Gonzo nodded, remembering the terrified look in Stanley's eyes as the old man had twisted his shoulders around and waved his cane in the bound man's face. He'd taken a real glee in frightening Stanley, and Gonzo felt a pang of regret for having been so impatient with Stanley for giving in to the threats. After two days of helplessness, Gonzo might have given in too.

"Then what happened?" The cop asked.

"Well, Kenny didn't want to waste time, and he got his father to help him put their things together. Then, when they started to leave, Dr. Gates asked what they were going to do with us." Stanley kept his eyes on the soup. "And when we asked to be let go, he said did we think they were stupid and went and opened up the gas valve. I was scared stiff, but Dr. Gates, he hitched his chair over to mine and tried to untie me as soon as they left. And then the gas started to get to us, and then you came in to the rescue." Gonzo put a hand on his shoulder and squeezed a reassurance, and Stanley gave a small sad smile. "And that's all."

"What about the old man? Did he say anything when Kenny opened the valve?"

"He said, 'goodbye'," Stanley said. "Then he left with Kenny. I think he approved, though. He didn't argue or anything."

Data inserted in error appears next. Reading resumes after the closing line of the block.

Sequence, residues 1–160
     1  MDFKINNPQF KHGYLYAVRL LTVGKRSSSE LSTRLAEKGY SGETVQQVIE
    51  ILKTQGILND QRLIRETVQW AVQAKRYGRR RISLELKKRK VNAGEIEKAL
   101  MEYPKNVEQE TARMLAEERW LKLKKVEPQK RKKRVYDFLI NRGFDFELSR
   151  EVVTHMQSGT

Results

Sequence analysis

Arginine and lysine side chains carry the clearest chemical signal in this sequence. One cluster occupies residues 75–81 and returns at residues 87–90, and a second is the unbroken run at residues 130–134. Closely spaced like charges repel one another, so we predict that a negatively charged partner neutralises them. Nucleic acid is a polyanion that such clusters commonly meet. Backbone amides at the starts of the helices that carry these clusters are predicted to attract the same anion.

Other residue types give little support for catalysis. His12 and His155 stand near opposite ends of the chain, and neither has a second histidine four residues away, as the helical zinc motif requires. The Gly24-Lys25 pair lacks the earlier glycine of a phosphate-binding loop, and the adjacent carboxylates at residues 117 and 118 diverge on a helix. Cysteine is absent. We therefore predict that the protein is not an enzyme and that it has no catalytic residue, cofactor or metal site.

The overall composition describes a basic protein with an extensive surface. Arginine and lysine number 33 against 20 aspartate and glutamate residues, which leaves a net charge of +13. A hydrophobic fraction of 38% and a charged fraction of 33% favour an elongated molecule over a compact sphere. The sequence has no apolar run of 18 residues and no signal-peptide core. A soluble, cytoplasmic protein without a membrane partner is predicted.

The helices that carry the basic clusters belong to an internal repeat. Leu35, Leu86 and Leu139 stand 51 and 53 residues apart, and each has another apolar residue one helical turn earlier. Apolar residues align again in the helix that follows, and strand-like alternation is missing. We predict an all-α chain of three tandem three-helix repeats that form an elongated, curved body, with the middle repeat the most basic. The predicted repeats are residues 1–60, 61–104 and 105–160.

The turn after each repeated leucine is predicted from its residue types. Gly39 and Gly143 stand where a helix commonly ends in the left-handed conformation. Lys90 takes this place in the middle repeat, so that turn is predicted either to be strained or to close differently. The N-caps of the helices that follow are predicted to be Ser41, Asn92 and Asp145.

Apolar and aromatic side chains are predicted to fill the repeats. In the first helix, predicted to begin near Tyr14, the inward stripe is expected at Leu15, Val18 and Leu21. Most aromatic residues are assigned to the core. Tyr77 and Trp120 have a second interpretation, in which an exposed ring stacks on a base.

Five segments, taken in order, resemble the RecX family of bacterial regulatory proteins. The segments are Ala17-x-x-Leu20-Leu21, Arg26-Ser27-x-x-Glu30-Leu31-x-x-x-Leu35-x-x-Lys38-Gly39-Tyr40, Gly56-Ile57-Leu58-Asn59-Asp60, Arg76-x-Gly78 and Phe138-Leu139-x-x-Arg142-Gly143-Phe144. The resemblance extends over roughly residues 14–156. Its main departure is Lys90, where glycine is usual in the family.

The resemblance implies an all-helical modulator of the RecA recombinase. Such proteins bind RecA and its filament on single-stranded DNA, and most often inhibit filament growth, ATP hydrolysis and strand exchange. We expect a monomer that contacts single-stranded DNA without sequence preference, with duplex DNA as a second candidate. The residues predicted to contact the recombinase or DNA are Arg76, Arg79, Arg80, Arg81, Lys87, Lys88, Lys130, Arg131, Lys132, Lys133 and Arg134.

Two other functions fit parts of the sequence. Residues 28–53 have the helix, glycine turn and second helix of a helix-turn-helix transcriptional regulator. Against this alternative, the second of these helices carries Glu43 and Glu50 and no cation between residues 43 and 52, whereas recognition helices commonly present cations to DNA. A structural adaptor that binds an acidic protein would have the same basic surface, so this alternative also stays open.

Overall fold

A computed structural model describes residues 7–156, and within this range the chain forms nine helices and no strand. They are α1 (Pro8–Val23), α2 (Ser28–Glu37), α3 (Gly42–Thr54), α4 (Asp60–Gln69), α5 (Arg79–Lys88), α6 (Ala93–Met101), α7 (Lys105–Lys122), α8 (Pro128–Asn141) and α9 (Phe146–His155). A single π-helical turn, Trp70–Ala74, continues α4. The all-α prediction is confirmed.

"Well, I think this will do for the moment," she said. "We'll get it typed and then you can head home. I'll call you if there are any questions later."

"Try the hospital first," Gonzo said. At Stanley's surprised look he added. "Trapper's orders, Stan. He wants me to make sure you've gotten a complete check up. Besides, when EJ gets Ernie's message and your message, she'll probably call there first."

"True," Stanley said, brightening a little. He had had to leave a message at EJ's hotel instead of speaking to her, and hadn't known what to say beyond that he was all right. It wasn't like he could explain the whole mess to the hotel operator.

"All right," Inspector Johnson said. "Once the affadavit is typed up, you can read it through and sign it, and then we'll be ready to let you go get some rest."

"That would be nice," Stanley admitted. He shifted position again and Gonzo studied him for a moment as the two cops left the room, noticing that Stanley looked like he had lost the weight that he had started to put back on after his marriage. He needed a shave, of course, and his skin was pale. Gonzo reached over and took a wrist pulse and Stanley stopped eating to look at him worriedly.

"It's still a little fast," Gonzo told him, when he'd finished counting. "How's the headache?"

"I've almost gotten used to it," Stanley said. "I'm dehydrated. I know. I've been drinking water." He indicated the pitcher and Gonzo looked. It was almost empty. Gonzo poured what was left into the glass.